I felt socially anxious about calling the park ranger to ask about ducks. I googled “Arches State Beach ducks” and found nothing. I looked through a gallery of three-hundred and forty-three photos of the beach, posted by Yelp users, and found no photos of ducks. I looked through the California State Parks website and found no information about ducks or a lake, just details about making a camping reservation and paragraph about the moratorium on bonfires due to a state-wide drought. I gave up and googled the phone number for the beach.

The phone rang six times before someone answered.

“Arches State Beach,” said the male voice on the phone.

I put on my professional voice, “Hi, this is Rebecca Teitel, I’m the Assistant College Programs Coordinator for Ansel Adams College at University of San Paulo, I’m calling to ask about your ducks.”

“Here, let me transfer you to Sandy,” said the male voice.

I said “thank you” but the phone had already started re-ringing. I wondered why he was transferring me. I wondered if Arches State Beach had a duck specialist. Maybe he thought I was an idiot and didn’t want to talk to me.

“Hi this is Sandy, now how can I help you?” Her voice had the slightest Midwest accent.

“Hi Sandy, I’m Rebecca Teitel, I’m the Assistant College Programs Coordinator for Ansel Adams College. I just wanted to ask if you had ducks at the state beach.”

“Oh,” said Sandy. “Yes, we have ducks! Why do you ask?”

I probably should’ve hung up right then but I continued, “Well, it’s Rosh Hashanah, and it’s an American Jewish tradition to throw bread to ducks. I was planning on bringing the new freshman move-ins, well the ones who want to do something for Rosh Hashanah, down to Arches.”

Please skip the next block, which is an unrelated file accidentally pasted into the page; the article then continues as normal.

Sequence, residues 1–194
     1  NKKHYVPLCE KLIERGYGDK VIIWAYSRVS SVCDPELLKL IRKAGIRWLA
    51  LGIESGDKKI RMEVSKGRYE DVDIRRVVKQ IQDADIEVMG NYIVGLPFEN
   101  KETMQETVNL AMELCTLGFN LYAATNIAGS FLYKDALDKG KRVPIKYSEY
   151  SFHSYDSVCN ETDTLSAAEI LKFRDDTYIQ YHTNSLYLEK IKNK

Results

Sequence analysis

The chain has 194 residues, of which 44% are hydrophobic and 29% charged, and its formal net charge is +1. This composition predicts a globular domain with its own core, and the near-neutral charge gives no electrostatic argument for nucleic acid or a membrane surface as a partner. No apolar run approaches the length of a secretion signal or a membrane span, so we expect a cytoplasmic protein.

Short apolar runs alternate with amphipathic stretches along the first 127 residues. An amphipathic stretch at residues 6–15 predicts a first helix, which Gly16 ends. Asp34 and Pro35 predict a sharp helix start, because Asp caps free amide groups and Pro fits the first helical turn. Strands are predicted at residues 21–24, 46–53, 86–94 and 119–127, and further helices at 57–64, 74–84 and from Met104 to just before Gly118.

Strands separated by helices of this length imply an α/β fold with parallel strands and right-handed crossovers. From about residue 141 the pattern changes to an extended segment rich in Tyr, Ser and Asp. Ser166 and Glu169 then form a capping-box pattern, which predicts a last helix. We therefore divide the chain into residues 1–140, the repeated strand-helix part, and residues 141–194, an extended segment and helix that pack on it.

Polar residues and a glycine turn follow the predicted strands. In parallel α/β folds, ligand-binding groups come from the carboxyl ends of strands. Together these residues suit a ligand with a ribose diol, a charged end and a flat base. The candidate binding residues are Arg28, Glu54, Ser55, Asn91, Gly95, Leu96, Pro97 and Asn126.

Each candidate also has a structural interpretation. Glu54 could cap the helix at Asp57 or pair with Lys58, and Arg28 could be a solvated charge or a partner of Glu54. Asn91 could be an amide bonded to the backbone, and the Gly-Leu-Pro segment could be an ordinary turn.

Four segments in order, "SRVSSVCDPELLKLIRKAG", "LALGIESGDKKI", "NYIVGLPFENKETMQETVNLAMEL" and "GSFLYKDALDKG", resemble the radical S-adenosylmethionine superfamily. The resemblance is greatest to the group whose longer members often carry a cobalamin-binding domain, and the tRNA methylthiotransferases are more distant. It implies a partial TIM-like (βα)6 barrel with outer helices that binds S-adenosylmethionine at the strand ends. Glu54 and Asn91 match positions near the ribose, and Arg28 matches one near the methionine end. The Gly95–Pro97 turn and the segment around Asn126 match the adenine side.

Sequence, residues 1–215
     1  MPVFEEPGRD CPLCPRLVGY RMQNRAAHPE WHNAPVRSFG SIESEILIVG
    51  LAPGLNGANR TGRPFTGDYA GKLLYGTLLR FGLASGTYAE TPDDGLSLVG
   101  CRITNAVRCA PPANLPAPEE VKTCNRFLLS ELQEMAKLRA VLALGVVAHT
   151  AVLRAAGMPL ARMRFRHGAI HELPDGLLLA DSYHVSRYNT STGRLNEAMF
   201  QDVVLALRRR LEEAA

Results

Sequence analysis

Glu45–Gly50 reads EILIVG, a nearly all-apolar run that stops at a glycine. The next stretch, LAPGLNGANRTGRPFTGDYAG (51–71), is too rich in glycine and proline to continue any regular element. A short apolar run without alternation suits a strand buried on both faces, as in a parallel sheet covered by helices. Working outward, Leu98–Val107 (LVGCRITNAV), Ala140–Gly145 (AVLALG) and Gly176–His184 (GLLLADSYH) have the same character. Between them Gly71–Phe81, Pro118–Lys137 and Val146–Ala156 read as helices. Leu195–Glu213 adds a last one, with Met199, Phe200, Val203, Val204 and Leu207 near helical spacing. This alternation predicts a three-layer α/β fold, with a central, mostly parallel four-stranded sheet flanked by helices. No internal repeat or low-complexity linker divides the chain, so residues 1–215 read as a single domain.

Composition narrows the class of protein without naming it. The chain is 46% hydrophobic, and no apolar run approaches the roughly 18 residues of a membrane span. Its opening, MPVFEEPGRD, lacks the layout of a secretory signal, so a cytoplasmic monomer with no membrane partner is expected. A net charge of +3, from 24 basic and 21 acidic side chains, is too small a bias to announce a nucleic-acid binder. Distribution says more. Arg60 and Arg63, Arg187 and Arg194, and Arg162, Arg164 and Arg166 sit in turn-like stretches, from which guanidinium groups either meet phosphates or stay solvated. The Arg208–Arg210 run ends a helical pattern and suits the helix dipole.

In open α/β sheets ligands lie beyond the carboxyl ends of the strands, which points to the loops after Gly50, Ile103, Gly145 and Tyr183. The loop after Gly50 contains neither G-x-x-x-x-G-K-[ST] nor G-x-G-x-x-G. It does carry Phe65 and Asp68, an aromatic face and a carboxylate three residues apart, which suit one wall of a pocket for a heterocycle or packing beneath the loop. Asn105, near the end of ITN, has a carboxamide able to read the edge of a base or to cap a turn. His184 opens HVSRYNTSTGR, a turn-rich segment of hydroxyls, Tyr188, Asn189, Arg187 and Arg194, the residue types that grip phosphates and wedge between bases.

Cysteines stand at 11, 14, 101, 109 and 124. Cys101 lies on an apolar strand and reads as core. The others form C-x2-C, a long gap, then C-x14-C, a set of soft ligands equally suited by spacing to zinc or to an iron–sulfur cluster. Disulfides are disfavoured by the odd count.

“Ooh I’m afraid I can’t let you do that,” said Sandy as happily as someone could say that.

“Oh,” I replied.

“Bread is actually really bad for ducks. The poor things might eat too much and get serious digestive problems.”

“Oh, well, I guess we won’t come by then. Thanks for the help.”

Sandy cut me off, “Oh no, we can figure something out! C’mon now, lets think about it.” Sandy said hmmm into the receiver multiple times.

I didn’t know what to do so I just kind of stared off into space while Sandy thought and hummed. It would be great to have ducks on campus, I thought in my head. But then I realized that they might shit all over cars. I tried to think of a time when I had ever seen a duck sitting on an electrical wire like a Seagull.

Sandy finally asked, “What exactly is Rosh Hashanah?”

“Oh,” I said, “it’s Jewish New Year.”

“Why do you feed ducks? What does it mean?”

“I’m actually not sure, it was just a tradition thing I guess. Something to do with sins maybe. My parents probably explained it to me at some point but we only did it when I was young and the details probably just never took in my memory.”

“Kinda like the Christmas pickle,” said Sandy.

For a moment, I hoped that maybe she would just leave it at that and I wouldn’t have to listen to an explanation about what a Christmas pickle was, but my silence and inaction was an invitation for Sandy to continue. Apparently, Sandy’s family would hide a small pickle somewhere deep inside their Christmas tree. The kids of the family would then have to search through the tree, without disrupting ornaments or lights, and find the pickle. The kid who found the pickle would get an extra present, usually chocolate or some sort of candy. It was a German-American tradition, said Sandy.